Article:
RECENT FINDINGS: The widespread use of ultrasound in regional anesthesia has changed the practice of regional anesthesia and created new possibilities. Among them is the ability to identify fascial planes, and this has become the basis for a new group of blocks, the fascial plane blocks. In this kind of blocks, the target for injection is the plane itself and not a nerve in particular. transversus abdominis plane, pectoralis muscles, erector spinae plane blocks are some examples of fascial blocks. Because injecting into a fascial plane is not controversial, these blocks are not included in our discussion of optimal placement of the needle.To determine optimal needle placement, it is important to have a clear definition of what constitutes intraneural. Although, there is almost universal agreement that the violation of the epineurium defines the intraneural concept, the literature include several studies where this assessment is erroneous.Although intentional intraneural injection is still considered objectionable, some literature suggests that injecting intraneurally, especially if extrafascicular, may be benign. This evidence is limited and anecdotal.
SUMMARY: It is necessary to have a better understanding of what intraneural injection is when dealing with any type of nerve blocks, be that single nerve, plexuses, or the sciatic nerve. Perineural injections provide successful anesthesia without putting the nerve integrity at risk. That practice is supported by years of experience and common sense. Currently, there is no evidence to support any kind of intraneural injections, intrafascicular or extrafascicular.
No abstract available.
There is growing interest in the effect of postoperative analgesics on oncological outcomes after cancer surgery. We investigated the impact of tramadol after breast cancer surgery on recurrence and mortality and explored the mechanism by which tramadol affects cultured breast cancer cells in vitro.
METHODS: Electronic medical records of patients who underwent breast cancer surgery between November 2005 and December 2010 at Severance Hospital in Korea were reviewed. Cox regression analyses were used to identify factors related to postoperative recurrence and mortality. We performed the sensitivity test with propensity score matching to adjust for selection bias. In addition, we investigated the effects of tramadol on human breast adenocarcinoma (Michigan Cancer Foundation-7 [MCF-7]) cells via assessment of cell viability, clonogenic assay, and cell cycle analysis in vitro.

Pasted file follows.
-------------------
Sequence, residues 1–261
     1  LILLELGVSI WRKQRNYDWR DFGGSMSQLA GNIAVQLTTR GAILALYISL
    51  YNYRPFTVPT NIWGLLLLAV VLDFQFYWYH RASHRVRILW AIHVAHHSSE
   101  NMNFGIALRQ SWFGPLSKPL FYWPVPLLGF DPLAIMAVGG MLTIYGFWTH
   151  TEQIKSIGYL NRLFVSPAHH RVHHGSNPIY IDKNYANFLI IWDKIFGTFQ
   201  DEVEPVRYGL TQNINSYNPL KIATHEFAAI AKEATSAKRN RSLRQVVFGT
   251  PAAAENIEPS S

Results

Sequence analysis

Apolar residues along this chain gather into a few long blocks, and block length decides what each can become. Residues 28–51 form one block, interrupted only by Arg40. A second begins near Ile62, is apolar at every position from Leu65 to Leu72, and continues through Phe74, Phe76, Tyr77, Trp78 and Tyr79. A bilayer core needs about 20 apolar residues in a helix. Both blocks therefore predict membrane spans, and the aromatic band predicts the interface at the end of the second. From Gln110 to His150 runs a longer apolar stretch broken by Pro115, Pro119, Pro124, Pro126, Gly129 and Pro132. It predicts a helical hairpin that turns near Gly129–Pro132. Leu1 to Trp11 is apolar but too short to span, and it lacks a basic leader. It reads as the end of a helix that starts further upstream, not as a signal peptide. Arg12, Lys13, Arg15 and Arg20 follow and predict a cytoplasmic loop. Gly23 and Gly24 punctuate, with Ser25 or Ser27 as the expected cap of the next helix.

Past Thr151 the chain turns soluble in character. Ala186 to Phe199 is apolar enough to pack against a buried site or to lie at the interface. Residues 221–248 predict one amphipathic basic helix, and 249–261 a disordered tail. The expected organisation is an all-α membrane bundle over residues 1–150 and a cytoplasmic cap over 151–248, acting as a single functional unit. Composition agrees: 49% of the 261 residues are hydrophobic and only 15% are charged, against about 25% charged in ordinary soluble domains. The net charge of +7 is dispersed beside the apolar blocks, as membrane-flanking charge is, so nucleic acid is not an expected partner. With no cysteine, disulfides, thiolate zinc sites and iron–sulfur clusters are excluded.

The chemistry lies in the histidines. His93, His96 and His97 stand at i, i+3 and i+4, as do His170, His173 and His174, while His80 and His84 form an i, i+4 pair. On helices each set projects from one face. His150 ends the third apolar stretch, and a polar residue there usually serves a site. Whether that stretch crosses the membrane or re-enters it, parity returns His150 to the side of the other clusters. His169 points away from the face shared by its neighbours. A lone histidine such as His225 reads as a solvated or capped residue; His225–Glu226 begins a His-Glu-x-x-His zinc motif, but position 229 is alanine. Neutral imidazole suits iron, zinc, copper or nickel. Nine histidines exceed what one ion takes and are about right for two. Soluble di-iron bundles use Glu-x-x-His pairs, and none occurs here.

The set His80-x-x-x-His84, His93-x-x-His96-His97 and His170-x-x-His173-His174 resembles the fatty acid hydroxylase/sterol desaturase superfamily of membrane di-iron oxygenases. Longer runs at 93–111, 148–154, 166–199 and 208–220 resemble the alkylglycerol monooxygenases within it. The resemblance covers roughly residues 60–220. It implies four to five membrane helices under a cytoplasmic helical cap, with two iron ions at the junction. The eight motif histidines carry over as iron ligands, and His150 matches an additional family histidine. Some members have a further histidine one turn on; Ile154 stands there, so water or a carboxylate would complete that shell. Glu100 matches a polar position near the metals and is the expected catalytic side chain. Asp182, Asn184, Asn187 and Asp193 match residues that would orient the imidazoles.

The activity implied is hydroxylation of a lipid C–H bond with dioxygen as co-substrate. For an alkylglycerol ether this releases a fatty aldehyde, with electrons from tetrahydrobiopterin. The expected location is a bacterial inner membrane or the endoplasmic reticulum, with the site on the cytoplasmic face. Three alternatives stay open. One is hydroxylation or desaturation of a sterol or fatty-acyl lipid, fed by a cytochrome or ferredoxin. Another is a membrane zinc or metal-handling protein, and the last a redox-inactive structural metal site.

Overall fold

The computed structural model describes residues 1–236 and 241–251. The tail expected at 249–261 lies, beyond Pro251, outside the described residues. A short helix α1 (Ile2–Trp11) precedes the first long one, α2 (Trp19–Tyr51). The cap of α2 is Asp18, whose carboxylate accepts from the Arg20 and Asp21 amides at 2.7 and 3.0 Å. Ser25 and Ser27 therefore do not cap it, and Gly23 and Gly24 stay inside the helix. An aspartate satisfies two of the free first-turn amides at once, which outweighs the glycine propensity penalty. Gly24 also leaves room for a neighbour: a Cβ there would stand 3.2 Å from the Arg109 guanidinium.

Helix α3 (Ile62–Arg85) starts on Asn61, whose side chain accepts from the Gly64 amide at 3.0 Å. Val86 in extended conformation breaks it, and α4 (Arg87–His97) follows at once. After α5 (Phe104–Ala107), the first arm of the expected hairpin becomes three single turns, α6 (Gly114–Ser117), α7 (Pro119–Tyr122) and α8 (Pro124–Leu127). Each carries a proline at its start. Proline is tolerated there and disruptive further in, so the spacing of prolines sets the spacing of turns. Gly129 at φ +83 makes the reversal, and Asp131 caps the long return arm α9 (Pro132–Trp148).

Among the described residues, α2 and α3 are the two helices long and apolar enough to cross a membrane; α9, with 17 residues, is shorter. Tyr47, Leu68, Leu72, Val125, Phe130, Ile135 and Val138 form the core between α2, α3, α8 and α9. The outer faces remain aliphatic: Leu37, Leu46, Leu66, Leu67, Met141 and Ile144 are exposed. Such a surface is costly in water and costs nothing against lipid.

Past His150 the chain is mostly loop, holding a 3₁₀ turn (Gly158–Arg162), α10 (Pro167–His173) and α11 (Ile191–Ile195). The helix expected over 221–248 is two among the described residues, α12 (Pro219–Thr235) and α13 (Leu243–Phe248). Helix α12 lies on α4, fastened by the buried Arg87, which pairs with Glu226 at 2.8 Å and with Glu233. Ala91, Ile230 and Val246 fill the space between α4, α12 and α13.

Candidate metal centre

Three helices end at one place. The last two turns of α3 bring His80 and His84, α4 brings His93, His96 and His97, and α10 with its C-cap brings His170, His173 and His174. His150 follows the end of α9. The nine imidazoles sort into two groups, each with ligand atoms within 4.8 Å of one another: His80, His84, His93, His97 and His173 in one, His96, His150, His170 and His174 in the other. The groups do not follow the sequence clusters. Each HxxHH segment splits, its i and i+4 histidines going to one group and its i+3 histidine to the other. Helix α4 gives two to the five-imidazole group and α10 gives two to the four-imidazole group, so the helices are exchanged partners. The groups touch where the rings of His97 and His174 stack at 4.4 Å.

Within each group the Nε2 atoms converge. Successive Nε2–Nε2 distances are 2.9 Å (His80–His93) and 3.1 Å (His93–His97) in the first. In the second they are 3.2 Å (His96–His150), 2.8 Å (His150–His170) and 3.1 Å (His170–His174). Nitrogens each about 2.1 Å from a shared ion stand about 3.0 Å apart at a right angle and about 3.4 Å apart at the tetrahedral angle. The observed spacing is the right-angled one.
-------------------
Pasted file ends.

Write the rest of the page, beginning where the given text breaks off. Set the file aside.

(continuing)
RESULTS: Of 2588 breast cancer patients, 36.4% had received tramadol. Those who received tramadol had a 0.71-fold decreased risk of recurrence and a 0.56-fold decrease in mortality. The MCF-7 cell viability assays showed that tramadol had an anti-proliferative effect by cell cycle arrest, suppressing colony formation, and regulation of oestrogen and progesterone receptors. Tramadol induced apoptosis of MCF-7 cells via extracellular signal-regulated kinases by decreasing of 5-hydroxytryptamine (HT)2B receptor and transient receptor potential vanilloid-1 expression.
CONCLUSIONS: After breast cancer surgery, patients who received tramadol had a decreased risk of postoperative recurrence and mortality. The anti-tumour effect of tramadol appears to involve inhibition of proliferation, induction of apoptosis, and effects on 5-HT2B receptor and TRPV-1.
PURPOSE OF REVIEW: Ambulatory surgery is the standard for the majority of pediatric surgery in 2019 and adenotonsillectomy is the second most common ambulatory surgery in children so it is an apt paradigm. Preparing and managing these children as ambulatory patients requires a thorough understanding of the current literature.
RECENT FINDINGS: The criteria for undertaking pediatric adenotonsillectomy on an ambulatory basis, fasting after clear fluids, postoperative nausea and vomiting (PONV), perioperative pain management and discharge criteria comprise the themes addressed in this review.